Does God care about your texting? This article answers that by looking at the character of texting, the dangers of texting, and some observations to help maintain Christian integrity in texting.

Source: Faith in Focus, 2006. 4 pages.

Wt Msg R U Snding? The Pros and Cons of Texting

Do you give texting a second thought? Recently, discussions have surfaced in the news about some of the problems associ­ated with texting. Parents are you scratching your heads; wondering why texting has taken such a hold upon your child? Are you teens, wondering why adults are making such a big deal about texting? Let’s chat: about the character of texting, the dangers of texting, and some observations to help maintain/re­gain Christian integrity in texting.

The character🔗

Ask yourself, “What message am I sending?” I am not talking about the texts and photos. I am talking about a bigger picture: times when you are talking in a group or interacting with your friends. What does your attention to a cellphone signal to those around you?

Suppose you are talking with a friend and during the conversation your friend pulls out a magazine and starts reading it. You would consider this rude. Similarly, if you are talking with a person about something that happened to you and he or she interrupts with ques­tions that are off-topic, you recognise the person’s disinterest and the conversation ends. Something has been communicated. A message has been sent. In all conversa­tions, there are understood rules that apply; matters of common courtesy that determine how we talk with one another: eye contact, facial expressions, and other factors called body language.

Here is the big picture. Your conversations are interrupted or distracted by sending and receiving texts. Texting allows quick and private interaction anywhere, anytime. No boundaries. This character has both benefits and limitations. First, consider the benefits. You save time and money in giving and receiv­ing information. For example, you can quickly find directions if you are lost, or you can eas­ily report crimes. Cellphones provide security for those driving or walking alone. You can determine the location of family and friends and arrange plans to meet. All this without the restrictions of time and place!

This loss of time/place restrictions car­ries with it some problems. Because of the recent development of this mode, there are no fixed social rules. These social conven­tions need to be worked out. One that needs to be addressed is the context in which texting occurs. Is there a right and wrong place and time for texting?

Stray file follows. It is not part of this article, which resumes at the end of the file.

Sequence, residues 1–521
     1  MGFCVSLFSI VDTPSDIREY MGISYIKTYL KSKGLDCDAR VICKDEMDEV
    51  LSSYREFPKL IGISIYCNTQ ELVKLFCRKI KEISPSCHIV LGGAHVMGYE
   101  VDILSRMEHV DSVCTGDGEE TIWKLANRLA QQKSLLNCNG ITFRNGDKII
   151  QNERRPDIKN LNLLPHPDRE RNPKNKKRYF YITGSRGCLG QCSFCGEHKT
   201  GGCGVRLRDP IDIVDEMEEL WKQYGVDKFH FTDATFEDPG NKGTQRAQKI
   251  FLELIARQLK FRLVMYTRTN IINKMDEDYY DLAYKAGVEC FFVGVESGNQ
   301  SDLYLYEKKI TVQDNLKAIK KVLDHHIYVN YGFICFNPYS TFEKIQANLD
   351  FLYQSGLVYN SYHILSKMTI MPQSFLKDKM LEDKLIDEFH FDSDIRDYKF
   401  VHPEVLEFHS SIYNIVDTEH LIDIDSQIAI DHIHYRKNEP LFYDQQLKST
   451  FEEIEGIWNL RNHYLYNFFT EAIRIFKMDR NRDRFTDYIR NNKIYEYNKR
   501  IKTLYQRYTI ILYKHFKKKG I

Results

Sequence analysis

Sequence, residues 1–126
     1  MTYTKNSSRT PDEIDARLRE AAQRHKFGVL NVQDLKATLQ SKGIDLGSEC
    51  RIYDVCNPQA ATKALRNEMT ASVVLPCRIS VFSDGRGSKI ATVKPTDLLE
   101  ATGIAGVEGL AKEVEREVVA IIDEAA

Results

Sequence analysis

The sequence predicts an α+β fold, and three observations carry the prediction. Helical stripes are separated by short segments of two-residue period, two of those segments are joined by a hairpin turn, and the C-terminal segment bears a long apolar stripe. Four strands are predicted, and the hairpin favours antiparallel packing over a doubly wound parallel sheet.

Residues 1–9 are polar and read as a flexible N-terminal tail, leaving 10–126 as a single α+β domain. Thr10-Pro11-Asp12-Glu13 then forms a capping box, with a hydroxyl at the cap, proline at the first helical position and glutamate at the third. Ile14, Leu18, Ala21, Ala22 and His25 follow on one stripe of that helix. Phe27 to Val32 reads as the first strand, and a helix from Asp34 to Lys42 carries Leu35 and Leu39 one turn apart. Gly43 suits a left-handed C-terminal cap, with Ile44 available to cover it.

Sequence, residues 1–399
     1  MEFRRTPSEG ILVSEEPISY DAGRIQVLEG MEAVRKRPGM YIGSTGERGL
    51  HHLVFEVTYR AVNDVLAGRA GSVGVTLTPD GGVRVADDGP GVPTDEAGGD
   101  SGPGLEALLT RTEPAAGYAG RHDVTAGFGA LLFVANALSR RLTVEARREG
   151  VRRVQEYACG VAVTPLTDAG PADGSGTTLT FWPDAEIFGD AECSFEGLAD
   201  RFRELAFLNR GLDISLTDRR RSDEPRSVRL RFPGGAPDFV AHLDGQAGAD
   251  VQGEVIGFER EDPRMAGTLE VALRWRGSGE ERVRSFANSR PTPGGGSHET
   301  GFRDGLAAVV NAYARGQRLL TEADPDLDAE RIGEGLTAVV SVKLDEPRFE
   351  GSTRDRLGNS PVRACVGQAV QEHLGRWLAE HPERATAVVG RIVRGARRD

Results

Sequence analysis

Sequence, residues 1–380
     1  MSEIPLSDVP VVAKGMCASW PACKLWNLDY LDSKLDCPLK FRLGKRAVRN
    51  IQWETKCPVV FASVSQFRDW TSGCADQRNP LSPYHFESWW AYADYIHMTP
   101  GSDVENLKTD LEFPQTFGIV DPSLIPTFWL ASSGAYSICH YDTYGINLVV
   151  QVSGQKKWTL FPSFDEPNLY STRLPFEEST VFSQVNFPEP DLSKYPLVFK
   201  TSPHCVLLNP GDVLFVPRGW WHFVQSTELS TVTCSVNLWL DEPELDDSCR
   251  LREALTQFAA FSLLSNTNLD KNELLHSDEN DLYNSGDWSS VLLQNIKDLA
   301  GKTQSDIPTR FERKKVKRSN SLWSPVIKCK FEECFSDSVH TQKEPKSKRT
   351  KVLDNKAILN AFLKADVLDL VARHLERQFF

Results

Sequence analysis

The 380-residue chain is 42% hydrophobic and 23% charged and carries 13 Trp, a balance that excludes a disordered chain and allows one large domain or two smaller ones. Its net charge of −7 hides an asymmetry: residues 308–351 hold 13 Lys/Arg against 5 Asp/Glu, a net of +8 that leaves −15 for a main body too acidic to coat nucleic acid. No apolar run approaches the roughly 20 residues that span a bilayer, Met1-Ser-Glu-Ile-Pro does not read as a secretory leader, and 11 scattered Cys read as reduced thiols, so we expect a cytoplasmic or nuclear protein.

Step back, look at the big picture, and evaluate the context. Texting isn’t always wrong. It’s often rude and that, repeated over time, is wrong. Yes, this is the mes­sage that you’re sending. The occasions where conversations with others are to be nurtured and developed are lost and disrupted by the attention devoted to the all-pervasive mobile phone.

Recently I observed a family gathered for a meal in a restaurant. They were all talking together except for one child. She held her mobile phone under the table, at an angle where she could read her messages and send replies without observation. She was texting. This wasn’t a quick one-line inter­ruption during the course of a conversation. That would be rude, but perhaps, excusable. Instead, this was an extended time period of 5 to 10 minutes. Rather than engage those who had taken the time to get together with her and her family, she pre-empted their presence with a date to her mobile phone. So rude, it was wrong. What’s the message? You can gain my undivided attention only through my mobile.

Step back for a moment and ask, “What message are you sending?” Not to those connected with your cellphone, but to those around you. Have you grasped the disruptive character of texting?

The dangers🔗

“What message are you sending?” applies not only to the context, but also the content. What is the subject matter being sent and re­ceived by you? There are several dangers.

The first is perhaps the least harmful. It is triviality. Texting is a monotone form of communication. Apart from capitalising let­ters, there is no way of establishing a tone for the conversation. There is no significant way to convey sympathy, appreciation, admonition, disgust or other emotions that are necessary for personal communication. These emotions require a graphic vocabu­lary when written and varied tones when spoken. Both are absent in texting. This absence of tone means that the intimate connection between what is sent and how it is received is severed. As a general rule, conversations are predetermined by the mode of communication. In other words, what we speak about depends on the mode of communication used. Important issues require lengthy discourse. This is not practi­cal, given the length restrictions of texts. It is doubtful that texting can rise above dealing with trivial matters or conversely deal with important matters in any other way than a trivial manner. That’s a danger.